Yes, if it used in a “murderous” fashion, as the canon describes.

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#4

Repost of a comment of mine from this thread (about a month ago): forums.catholic.com/showthread.php?t=748562

Knighthood also had religious connotations and denotations, whereas a peasant called up for military service (generally) did not. I seem to recall reading somewhere that crossbows were seen as a threat to one aspect of the Three Estates (en.wikipedia.org/wiki/Estates_of_the_realm).

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#5

What immediately struck me as I read the quote was the “We prohibit…” nature of the statement. This indicates that the pope was making a command based on obedience to his authority, not a declaration about the inherent morality of using bows in warfare.

That suggests to me that the pope was purposely stating it that way so that the command COULD be changed later if needed. It’s the same way that catholics once would have been sinning if they ate meat on a Friday in January while today catholics are free to substitute another sacrifice instead of meat abstinance. The sin isn’t inherent to the action, the sin was in the defiance of authority.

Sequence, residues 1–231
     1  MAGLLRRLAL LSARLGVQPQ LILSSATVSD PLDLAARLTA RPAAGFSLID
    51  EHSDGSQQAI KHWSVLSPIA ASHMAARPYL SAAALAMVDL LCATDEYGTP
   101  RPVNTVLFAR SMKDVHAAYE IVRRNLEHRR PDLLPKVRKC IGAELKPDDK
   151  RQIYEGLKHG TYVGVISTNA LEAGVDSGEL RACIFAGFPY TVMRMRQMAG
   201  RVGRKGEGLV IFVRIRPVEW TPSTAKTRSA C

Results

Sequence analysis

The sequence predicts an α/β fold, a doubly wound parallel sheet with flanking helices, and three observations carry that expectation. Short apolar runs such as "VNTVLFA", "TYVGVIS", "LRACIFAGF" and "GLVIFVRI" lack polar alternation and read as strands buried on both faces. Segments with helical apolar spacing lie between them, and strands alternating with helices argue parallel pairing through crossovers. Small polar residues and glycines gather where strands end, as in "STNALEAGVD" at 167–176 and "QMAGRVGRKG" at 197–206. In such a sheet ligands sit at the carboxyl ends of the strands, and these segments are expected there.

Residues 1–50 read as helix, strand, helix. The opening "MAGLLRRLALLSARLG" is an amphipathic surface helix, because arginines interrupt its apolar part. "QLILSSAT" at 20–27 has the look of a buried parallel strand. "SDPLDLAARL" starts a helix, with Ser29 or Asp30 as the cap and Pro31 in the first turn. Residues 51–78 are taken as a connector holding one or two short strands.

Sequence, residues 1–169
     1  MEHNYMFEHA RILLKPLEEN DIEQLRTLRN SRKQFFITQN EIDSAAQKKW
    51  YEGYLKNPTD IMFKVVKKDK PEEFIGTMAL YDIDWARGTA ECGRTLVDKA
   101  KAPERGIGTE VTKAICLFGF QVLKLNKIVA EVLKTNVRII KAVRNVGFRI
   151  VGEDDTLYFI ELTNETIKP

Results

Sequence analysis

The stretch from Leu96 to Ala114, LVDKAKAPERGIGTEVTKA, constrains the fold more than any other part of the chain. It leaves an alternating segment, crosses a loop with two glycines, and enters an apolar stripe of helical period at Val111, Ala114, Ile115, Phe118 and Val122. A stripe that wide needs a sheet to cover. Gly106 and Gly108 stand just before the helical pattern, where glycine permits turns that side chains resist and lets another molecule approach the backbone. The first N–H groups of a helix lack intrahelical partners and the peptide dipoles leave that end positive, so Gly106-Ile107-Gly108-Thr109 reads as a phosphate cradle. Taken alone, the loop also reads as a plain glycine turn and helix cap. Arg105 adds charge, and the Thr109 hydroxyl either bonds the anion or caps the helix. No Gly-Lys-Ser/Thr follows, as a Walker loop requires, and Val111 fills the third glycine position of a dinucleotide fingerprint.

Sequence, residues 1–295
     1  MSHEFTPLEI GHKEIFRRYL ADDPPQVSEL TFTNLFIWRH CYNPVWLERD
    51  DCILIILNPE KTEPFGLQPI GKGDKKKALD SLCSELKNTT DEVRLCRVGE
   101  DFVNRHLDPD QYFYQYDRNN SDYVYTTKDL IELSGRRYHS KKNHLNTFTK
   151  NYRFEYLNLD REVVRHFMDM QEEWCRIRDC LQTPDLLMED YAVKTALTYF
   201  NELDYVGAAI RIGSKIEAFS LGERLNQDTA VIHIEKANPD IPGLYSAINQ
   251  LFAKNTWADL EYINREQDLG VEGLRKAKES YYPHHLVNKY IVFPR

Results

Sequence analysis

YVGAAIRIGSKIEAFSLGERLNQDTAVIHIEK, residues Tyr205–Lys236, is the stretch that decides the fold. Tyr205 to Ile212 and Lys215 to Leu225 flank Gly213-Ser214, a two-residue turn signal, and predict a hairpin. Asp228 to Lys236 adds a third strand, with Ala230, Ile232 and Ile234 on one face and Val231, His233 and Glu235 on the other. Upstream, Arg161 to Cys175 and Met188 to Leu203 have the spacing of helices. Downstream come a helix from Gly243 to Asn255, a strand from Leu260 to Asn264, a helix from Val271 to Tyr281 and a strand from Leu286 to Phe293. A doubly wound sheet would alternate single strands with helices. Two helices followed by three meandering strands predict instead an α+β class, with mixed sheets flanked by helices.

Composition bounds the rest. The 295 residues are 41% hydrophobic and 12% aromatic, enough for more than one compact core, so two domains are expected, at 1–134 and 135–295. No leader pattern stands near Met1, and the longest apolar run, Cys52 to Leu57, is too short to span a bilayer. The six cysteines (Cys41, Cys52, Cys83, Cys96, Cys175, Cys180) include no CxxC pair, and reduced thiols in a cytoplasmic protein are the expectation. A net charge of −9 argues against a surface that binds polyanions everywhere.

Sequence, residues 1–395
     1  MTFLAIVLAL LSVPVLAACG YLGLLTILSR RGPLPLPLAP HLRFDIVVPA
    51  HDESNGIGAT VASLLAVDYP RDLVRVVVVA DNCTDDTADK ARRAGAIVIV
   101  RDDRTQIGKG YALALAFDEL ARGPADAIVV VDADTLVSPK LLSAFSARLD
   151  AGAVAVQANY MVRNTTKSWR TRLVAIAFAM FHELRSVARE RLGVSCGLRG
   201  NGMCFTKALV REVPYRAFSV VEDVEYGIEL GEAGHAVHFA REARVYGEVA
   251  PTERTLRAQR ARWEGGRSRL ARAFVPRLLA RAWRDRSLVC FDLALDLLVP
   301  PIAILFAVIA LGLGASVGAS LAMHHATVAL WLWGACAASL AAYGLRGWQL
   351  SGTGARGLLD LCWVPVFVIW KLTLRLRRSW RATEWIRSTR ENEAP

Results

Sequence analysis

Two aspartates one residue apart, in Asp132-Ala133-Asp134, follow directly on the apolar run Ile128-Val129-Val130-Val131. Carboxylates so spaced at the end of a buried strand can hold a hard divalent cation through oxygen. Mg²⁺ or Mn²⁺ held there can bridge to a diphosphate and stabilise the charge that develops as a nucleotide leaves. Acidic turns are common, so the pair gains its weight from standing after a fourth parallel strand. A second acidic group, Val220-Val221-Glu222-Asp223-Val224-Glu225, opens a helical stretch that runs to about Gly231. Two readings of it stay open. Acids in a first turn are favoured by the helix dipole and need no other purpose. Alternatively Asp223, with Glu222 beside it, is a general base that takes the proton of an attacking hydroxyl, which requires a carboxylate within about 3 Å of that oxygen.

The pope seems to have tried to prevent the adoption of increasingly horrific weapons of war. Noble effort, even if it didn’t work.

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#6

Actually even today - at least in Canada - courts will explicitly prohibit the carrying or possession of a crossbow by those on bail for suspected acts of criminal violence. Crossbows are extremely dangerous - “murderous” weapons. I suspect a bullet wound might not even be as potentially lethal as a shot from a crossbow.